It's true... It's so sadly true.

You shouldn't have to come home every day from work feeling both mentally and physically spent. You should come home feeling gratified, feeling energized to see family, feeling accomplished, and feeling like you can go in tomorrow and do it again.

One would've thought we had moved beyond the Lowell-Mill's era idea of work and workers in 2015.

Some Day's Others Say It Better - Bloomberg on Gov. Walker's Wisconsin Economy

I can't add much to THIS story from Bloomberg yesterday. It concludes with the following, which when accompanied with lots of fancy graphs and numbers, provides some real data to back-up what many of us feel has been happening since 2011: 
Maybe the most interesting thing about Walker's economic record is the absence of any noticeable impact on his as-yet-unannounced presidential campaign. That suggests that party leaders are more interested in Walker's actions than their consequences. Walker has built his profile by going after big conservative targets -- collective bargaining for public-sector unions, school spending, university professors. 
Those fights are interesting, but they don't reveal much about Walker's ability to improve the living standards of the people he represents. The data does, and it shows that measured by relative economic outcomes, Walker's tenure falls somewhere between lackluster and a failure. The next few months will reveal whether that matters to his 2016 presidential aspirations.

So, Potentially Good-Ish News?

With the Wage Theft Bill being debated, it looks like there is some school news of note breaking.

The report comes from the Wisconsin State Journal:
Test scores from this year's new Common Core-aligned exam that students are set to take next month would not be used in state report cards under legislation circulating among lawmakers this week.
Wow, that's a big deal. There have been a lot of questions with the K-8 schools about how exactly they would be measured, especially if the Smarter Balanced/Badger Exam goes away after one year.
Sen. Paul Farrow, R-Pewaukee, has drafted a bill that would prohibit the state Department of Public Instruction from issuing a school accountability report using test scores from this school year, and would delay for one year a new evaluation method for teachers and principals that incorporates student test scores. 
So, why exactly are we taking this test again?

I know, I know. But really, you're going to have us give a test that doesn't really count for anything and costs a boat load of money? Well, that makes it a ton easier for schools like mine that fight, claw, and pull it's collective hair out for 95% attendance, which is damn near impossible.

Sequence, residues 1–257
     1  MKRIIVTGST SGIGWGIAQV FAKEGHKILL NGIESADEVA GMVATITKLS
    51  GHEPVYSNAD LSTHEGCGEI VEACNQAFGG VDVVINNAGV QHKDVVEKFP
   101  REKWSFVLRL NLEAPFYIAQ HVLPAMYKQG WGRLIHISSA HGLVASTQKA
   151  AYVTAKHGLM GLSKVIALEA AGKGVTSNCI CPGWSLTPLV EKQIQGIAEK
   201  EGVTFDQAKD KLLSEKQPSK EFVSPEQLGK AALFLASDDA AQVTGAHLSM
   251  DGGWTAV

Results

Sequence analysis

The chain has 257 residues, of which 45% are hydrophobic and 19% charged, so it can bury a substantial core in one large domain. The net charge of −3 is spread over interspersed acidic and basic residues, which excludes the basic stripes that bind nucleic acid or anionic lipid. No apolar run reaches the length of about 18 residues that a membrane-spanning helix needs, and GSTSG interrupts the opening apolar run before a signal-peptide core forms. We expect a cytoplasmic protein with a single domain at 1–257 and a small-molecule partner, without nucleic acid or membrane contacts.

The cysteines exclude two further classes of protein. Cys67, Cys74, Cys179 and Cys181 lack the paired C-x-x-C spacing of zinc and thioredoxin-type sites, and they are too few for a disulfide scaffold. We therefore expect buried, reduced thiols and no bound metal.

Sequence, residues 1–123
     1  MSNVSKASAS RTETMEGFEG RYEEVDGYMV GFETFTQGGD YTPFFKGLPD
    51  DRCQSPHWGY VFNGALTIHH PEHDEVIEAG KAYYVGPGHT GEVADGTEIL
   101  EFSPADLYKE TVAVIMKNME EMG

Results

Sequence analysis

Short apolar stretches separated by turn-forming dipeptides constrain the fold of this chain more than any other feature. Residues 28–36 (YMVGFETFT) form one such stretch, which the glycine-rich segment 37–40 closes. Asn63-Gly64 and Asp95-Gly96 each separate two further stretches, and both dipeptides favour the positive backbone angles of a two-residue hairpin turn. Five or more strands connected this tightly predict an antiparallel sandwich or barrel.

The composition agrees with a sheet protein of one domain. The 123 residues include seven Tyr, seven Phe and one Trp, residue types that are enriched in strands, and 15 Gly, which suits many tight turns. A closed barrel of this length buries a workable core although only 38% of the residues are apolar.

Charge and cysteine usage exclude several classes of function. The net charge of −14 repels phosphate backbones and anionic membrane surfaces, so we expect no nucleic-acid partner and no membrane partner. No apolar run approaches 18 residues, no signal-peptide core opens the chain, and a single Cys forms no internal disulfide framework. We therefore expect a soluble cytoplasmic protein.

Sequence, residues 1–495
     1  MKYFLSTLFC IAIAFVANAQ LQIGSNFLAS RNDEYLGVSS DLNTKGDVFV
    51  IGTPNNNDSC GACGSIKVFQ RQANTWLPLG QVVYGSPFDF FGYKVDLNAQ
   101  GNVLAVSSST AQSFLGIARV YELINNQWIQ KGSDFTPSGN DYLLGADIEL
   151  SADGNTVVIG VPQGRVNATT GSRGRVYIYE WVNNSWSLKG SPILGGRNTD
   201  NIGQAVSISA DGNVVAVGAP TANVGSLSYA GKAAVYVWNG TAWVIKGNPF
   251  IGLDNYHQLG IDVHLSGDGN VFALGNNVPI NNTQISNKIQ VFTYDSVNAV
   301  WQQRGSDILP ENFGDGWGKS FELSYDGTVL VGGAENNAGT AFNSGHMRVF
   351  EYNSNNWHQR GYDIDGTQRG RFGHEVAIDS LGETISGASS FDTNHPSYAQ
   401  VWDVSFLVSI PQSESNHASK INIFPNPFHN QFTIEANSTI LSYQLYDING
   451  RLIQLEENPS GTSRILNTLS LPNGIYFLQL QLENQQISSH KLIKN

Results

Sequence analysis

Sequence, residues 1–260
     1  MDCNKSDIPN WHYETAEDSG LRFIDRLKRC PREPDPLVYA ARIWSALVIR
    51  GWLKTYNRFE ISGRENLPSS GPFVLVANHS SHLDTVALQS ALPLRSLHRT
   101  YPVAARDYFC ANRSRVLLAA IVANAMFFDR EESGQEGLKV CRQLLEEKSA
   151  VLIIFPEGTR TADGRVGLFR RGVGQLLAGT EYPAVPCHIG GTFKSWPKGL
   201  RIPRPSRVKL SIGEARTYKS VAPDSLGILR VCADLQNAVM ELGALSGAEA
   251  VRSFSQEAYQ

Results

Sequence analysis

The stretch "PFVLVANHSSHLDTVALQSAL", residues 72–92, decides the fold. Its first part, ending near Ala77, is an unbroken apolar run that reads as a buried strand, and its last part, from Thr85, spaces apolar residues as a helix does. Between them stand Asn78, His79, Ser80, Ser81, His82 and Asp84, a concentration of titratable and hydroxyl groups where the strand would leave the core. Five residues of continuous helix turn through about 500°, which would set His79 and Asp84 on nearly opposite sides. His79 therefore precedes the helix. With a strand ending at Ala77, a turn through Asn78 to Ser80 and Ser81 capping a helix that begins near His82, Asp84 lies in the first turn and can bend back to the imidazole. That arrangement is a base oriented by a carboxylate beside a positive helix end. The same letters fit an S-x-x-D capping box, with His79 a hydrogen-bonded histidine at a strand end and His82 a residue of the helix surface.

The legislation is in response to concerns over the Smarter Balanced exam, which is aligned to the Common Core State Standards, that students in Wisconsin will take next month. 
The exam has proven to be much more costly than originally expected, and a key feature allowing the test to adapt to a student's abilities has not worked correctly. 
Not worked for this year, let's make that point. And as for cost, well, we tried to do things on the cheap and not account for the fact that these things are expensive. It's not been rolled out the smoothest, I'll wholly agree, but it's not like it's crash and burn.
In an email seeking cosponsorship for the bill from Farrow and Rep. Joel Kitchens, R-Sturgeon Bay, both said they were informed the test would not be used after this school year. 
Well, now wait. Is that based on the proposed legislation that's out there, or is that from DPI? If that's DPI, that's some important news.
"Therefore, a majority of our educational systems are now supposed to be held accountable based on the results from an assessment they have never administered before and never will again," the email said explaining the need for the bill. 
Sen. Farrow doesn't sound so insane here. I'm scared... Very, very scared.
State Superintendent Tony Evers sent a letter to school districts on Feb. 17 saying he supported "hitting the pause button" with such legislation.
There was also THIS report from the AP newswire, which had the following:
Results of tests given to Wisconsin public school students this year would not be used on the state's report cards and teacher evaluations would be delayed a year under a bill that's been put forward in the Senate.
...
Farrow has said that it's not right to hold teachers and schools accountable based on a test that's only going to be used for one year. 
So, this is somewhat good news actually! Having my evaluation tied to a test that isn't understood, nor will likely not be used next year makes sense.

Every now and again I guess one of these things may sneak through. Well, it DOES still have to get through the Assembly I suppose.

Tuesday, February 24, 2015

Banana Republic Wisconsin Returns

Banana Republic Wisconsin returned.

THIS was posted online at 3:58pm by the Milwaukee Journal-Sentinel: